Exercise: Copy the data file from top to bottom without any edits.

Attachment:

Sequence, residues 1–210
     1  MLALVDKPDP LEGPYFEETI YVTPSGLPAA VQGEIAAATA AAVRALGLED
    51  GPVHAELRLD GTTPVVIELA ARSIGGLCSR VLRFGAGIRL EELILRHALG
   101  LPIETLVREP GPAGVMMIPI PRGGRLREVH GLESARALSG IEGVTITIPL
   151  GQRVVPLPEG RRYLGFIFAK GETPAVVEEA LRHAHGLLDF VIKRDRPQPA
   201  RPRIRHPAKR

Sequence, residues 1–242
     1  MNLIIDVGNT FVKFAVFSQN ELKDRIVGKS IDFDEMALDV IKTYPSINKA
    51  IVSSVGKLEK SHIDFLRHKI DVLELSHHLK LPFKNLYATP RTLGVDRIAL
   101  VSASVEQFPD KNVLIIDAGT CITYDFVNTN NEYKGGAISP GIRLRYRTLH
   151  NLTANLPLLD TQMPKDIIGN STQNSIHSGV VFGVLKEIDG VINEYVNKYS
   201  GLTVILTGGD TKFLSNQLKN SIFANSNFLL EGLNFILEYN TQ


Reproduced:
Sequence, residues 1–210
     1  MLALVDKPDP LEGPYFEETI YVTPSGLPAA VQGEIAAATA AAVRALGLED
    51  GPVHAELRLD GTTPVVIELA ARSIGGLCSR VLRFGAGIRL EELILRHALG
   101  LPIETLVREP GPAGVMMIPI PRGGRLREVH GLESARALSG IEGVTITIPL
   151  GQRVVPLPEG RRYLGFIFAK GETPAVVEEA LRHAHGLLDF VIKRDRPQPA
   201  RPRIRHPAKR

Sequence, residues 1–242
     1  MNLIIDVGNT FVKFAVFSQN ELKDRIVGKS IDFDEMALDV IKTYPSINKA
    51  IVSSVGKLEK SHIDFLRHKI DVLELSHHLK LPFKNLYATP RTLGVDRIAL
   101  VSASVEQFPD KNVLIIDAGT CITYDFVNTN NEYKGGAISP GIRLRYRTLH
   151  NLTANLPLLD TQMPKDIIGN STQNSIHSGV VFGVLKEIDG VINEYVNKYS
   201  GLTVILTGGD TKFLSNQLKN SIFANSNFLL EGLNFILEYN TQ